Basic principles of programming
This post is meant to serve as advice for beginner programmers. If you don’t consider yourself a beginner, read on and check if you agree.
So here are a few basic principles which a programmer should follow to write good code, no matter what the language is.
When I started my adventure with programming back in fall of 1993, I wish somebody laid these out for me. There are many good books about the dos and don’ts of programming, such as Effective C++, but I think it’s still difficult to find to find the more simple basic principles like the ones below, esp. for novice programmers.
These principles apply to most areas of programming. They should be taught at the beginning of programming courses. Unfortunately most programming courses focus on tools, such as programming languages, environments, data structures, etc. but they don’t touch the craft and art of programming.
Copy & paste
When writing one of my first programs in Turbo Pascal, I quickly learned that pasting pieces of copied code around in a program leads to a lot of unnecessary work at a later time. Let’s say you have exactly the same piece of code in N places, and that code is meant to do the same thing, or even if there are N places with very similar code doing very similar thing. One day you will have to change that code slightly or enhance it. Or you will find a bug in that code. You will have to find all N places and apply the same change N times. There is a high probability that you will miss some of the places – the larger the N the higher the probability. This will lead to either not fixing existing bugs entirely or introducing new ones.
The takeaway from this is that multiple copies of the same pieces of code should be avoided. Similar code should be collapsed into one function and that function invoked wherever it’s needed. Avoid copy & paste.
Variables, functions, members etc. should be named after what they do. Most variables should be nouns. Most functions should be verbs (e.g. variable num_args vs. function count_args()). The names should be short, but long enough to give a clue to the reader what they mean. There are some schools which teach that variables should never have long names. This is OK, but in some circumstances it’s necessary to give longer names so that the reader can easily understand what is happening in the code.
There is another term for using meaningful identifier names: self-documenting code. When clear names are used, there is less need for comments and other kind of documentation.
Comments should be used whenever the names of variables, constructs etc. are not sufficient to understand what’s going on. This applies especially to more complicated pieces of code, algorithms, etc.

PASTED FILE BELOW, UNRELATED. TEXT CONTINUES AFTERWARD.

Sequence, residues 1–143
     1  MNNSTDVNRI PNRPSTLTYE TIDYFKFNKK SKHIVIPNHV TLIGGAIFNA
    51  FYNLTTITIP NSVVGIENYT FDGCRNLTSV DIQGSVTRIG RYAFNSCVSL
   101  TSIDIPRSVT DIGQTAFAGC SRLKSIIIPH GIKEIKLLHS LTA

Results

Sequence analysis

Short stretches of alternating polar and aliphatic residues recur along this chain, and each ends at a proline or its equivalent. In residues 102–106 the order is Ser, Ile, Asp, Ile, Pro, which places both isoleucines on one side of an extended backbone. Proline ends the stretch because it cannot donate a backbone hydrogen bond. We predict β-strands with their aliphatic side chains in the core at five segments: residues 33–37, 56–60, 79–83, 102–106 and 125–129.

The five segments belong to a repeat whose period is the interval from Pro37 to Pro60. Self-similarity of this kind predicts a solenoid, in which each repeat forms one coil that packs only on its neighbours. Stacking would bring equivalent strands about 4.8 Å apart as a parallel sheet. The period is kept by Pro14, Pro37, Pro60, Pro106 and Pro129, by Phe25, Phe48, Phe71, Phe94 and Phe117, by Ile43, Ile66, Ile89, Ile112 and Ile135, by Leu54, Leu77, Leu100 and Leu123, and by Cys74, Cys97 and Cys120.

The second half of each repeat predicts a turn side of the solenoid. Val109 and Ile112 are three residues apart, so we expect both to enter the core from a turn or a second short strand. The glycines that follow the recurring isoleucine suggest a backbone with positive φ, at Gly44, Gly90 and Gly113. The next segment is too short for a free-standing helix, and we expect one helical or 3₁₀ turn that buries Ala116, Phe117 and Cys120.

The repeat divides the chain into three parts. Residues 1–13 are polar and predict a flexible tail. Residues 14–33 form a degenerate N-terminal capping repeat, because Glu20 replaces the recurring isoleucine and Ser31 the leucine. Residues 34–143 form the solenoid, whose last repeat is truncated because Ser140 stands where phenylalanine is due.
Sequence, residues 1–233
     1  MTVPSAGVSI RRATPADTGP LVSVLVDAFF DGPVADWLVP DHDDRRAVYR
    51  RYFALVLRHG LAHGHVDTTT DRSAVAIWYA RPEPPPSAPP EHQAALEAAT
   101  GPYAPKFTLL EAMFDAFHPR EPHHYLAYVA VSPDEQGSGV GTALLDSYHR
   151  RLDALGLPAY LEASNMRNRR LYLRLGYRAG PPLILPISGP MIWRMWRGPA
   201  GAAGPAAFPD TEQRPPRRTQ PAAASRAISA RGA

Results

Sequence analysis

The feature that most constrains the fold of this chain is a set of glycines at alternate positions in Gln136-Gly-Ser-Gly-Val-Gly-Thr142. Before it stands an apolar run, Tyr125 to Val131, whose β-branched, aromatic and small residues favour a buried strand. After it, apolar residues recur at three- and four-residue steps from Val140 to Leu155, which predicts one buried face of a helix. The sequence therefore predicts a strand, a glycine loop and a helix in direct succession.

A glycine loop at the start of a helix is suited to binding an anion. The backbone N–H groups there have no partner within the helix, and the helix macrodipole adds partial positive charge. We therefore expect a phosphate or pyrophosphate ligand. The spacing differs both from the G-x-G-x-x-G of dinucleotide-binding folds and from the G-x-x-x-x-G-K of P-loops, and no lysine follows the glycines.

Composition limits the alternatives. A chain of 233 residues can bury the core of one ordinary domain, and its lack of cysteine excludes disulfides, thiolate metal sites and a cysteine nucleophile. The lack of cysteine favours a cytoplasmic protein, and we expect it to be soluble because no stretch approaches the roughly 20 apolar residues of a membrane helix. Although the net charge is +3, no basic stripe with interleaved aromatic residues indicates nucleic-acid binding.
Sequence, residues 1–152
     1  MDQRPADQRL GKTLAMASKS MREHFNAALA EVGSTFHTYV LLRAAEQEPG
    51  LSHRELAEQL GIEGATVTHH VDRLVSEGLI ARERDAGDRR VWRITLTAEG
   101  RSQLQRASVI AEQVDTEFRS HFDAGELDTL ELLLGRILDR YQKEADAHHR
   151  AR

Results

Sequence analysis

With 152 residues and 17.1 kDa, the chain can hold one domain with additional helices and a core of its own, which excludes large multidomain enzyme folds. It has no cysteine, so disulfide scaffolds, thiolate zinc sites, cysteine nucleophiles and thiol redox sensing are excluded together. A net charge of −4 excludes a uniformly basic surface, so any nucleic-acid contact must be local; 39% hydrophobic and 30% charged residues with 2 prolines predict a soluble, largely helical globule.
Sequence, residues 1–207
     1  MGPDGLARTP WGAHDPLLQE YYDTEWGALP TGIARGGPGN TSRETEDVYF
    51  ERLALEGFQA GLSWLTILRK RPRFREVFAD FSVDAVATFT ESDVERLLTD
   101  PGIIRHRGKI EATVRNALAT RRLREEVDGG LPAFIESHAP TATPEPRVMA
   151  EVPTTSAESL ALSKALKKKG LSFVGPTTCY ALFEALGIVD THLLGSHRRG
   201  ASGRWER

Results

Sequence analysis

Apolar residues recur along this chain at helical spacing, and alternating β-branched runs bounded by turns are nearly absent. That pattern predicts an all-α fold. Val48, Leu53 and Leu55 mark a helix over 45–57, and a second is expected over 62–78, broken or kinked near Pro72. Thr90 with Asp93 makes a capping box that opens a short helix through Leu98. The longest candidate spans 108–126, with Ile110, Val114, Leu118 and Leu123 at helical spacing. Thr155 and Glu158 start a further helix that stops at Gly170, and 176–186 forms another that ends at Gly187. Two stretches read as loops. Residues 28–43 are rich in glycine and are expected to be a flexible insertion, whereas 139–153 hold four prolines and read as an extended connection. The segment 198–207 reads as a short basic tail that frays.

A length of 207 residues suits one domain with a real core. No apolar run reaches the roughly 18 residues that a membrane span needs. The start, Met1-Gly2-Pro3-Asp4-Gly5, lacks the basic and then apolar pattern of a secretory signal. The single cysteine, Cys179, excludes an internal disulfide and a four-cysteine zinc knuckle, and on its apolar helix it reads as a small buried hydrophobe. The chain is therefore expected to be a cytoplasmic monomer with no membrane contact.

But why bother with all of this? One word: maintenance. Sometimes a person other than the author has to maintain the code – fix bugs, add new functionality, refactor or reuse. The less time that person needs to spend to understand what’s going on, the better. Often even the author may need to return to the code he’s written and may not remember why certain decisions were made.
Language constructs which promote bugs
Every language has constructs which promote bugs. Such constructs should be avoided. They may be useful or necessary in certain situations, but in these situations they are the necessary evil. In most other cases we’re better off without them.
In general any language feature which has gotchas, which may behave in an unexpected way (e.g. friend or protected in C++), should be avoided, unless specifically beneficial in a certain situation. When used, precise comments should be added describing the use case.
The unfortunate thing is that until you know a particular language really well, you don’t know what these tricky constructs are. They are usually not advertised in the language manuals. Sometimes there are books which help to learn about why particular features are dangerous. So the best advice one could give here is: stay alert!
Diligence vs. ignorance
The advice here is: be diligent. Learn about the environment surrounding the code you write (i.e. callers, callees, etc.). Learn about all the use cases. Try to think of all things that your approach may break. It does take experience to write good code, but it also takes common sense.
It’s good to have an additional pair of eyes review your code. If you’re writing code for fun, have a friend take a look at it. If you’re working for a company, have a coworker review your code and review his code in return. I don’t know why code reviews are not a custom at many companies. Reviews take only a small amount of time, but they have a big benefit of unifying the code to ease future maintenance, promote coding style conventions, promote good behaviors and suppress the bad ones, etc. It’s even more beneficial if somebody more experienced reviews your code, you will learn from him.
Reviews are not an ultimate solution, they will not help to find all bugs, in fact many bugs will slip through reviews, but reviews help improve code quality in the long run.